Khatteeb, however, cautioned against viewing a lack of inclusivity as the main reason behind Iraq’s political weaknesses. “Every single administration post-2003 was inclusive,” he stated. “And any future administration… will continue to be inclusive. The question is how accountable these governments are.” He held that Iraq’s continued political instability still owed much to the twin legacies of de-ba’athification and the dismantling of the Iraqi army under the U.S. occupation, compounded by the competing policies of the six countries that neighbor Iraq.
In his view, this lack of accountability had undermined the ability of the government to truly represent all areas of the country. “Iraq has been functioning not as a federal state…but as a central state,” Khatteeb stated. He stressed the need for greater legislative reform in Iraq, beginning with the establishment of an independent judiciary and providing for the equitable distribution of oil revenues among the country’s various regions.
Still, while emphasizing the need for longer-term political reform in the country, the participants stressed that this would only be part of a strategy that would also include security and military elements. Mladenov, while noting the need to resolve outstanding issues between the federal government Baghdad and Kurdish regional authorities, stressed the importance of establishing Iraqi security and armed forces that were representative of the country at large and that were motivated to defend the country as a whole. To this end, he offered support to the Iraqi government’s recent proposal to form a national guard, which would allow different regions of the country to provide for their own security.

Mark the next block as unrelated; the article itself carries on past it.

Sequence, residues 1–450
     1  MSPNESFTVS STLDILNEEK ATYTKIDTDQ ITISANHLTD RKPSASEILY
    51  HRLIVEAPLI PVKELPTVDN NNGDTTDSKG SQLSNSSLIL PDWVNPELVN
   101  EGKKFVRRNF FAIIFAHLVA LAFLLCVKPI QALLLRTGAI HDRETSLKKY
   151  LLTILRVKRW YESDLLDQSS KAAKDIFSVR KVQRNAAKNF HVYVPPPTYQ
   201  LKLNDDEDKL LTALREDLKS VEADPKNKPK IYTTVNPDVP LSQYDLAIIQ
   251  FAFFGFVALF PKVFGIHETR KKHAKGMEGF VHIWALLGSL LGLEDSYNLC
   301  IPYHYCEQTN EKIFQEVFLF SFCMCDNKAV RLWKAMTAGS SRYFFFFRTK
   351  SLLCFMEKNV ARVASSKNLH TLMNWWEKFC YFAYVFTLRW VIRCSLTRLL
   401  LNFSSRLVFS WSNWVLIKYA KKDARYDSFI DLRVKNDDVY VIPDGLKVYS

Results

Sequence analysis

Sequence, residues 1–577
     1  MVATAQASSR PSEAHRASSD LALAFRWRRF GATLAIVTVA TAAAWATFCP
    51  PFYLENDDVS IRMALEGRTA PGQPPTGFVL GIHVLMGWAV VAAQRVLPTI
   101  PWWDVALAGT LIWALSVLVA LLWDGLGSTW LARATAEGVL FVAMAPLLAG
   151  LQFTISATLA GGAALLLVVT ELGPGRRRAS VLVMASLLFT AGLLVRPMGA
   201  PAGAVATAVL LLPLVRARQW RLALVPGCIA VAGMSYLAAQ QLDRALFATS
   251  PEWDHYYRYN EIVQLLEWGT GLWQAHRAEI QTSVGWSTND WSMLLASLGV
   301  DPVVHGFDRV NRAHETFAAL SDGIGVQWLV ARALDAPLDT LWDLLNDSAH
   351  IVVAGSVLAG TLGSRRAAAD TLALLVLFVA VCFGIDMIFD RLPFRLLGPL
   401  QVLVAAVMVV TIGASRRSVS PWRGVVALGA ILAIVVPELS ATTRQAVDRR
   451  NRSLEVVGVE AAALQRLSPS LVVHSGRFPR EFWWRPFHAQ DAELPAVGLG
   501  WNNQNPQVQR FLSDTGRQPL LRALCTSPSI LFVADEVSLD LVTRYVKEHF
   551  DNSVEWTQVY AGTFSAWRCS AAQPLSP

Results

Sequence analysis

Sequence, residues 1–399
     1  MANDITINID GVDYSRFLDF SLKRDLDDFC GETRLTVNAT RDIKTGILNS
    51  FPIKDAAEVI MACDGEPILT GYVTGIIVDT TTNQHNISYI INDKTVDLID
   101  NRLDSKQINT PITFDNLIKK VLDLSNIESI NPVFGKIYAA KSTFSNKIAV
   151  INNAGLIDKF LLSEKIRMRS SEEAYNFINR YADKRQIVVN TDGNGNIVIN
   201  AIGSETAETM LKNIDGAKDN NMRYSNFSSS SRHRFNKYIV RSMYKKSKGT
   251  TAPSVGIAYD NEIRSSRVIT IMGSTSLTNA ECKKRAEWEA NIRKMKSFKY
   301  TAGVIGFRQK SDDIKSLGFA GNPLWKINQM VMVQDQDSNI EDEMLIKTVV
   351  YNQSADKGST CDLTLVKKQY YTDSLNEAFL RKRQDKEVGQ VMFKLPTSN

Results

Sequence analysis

Makki likewise viewed improving the country’s security situation as critical to encouraging greater Sunni buy-in to the political process. “The real problem now is the security problem,” he stated. He argued that the collapse of Iraq’s army in the face of IS forces had convinced many Sunni communities that there was no alternative save to join with IS in order to survive, and stated that the displacement and effective occupation brought about by IS was undermining people’s attachment to Iraq itself.
The other participants continued to note the importance of reinforcing an Iraqi “national identity” in the face of threats of sectarian violence. For Khatteeb, this renewed sense of national identity formed the cornerstone of accountability in governance, ensuring that all citizens and representatives worked toward supporting the activities of a united, stronger Iraq. Later, in response to a question from the audience, Khatteeb connected this issue to role of the armed forces in confronting IS, arguing that key advances by national military units would be “a step toward restoring the national identity.”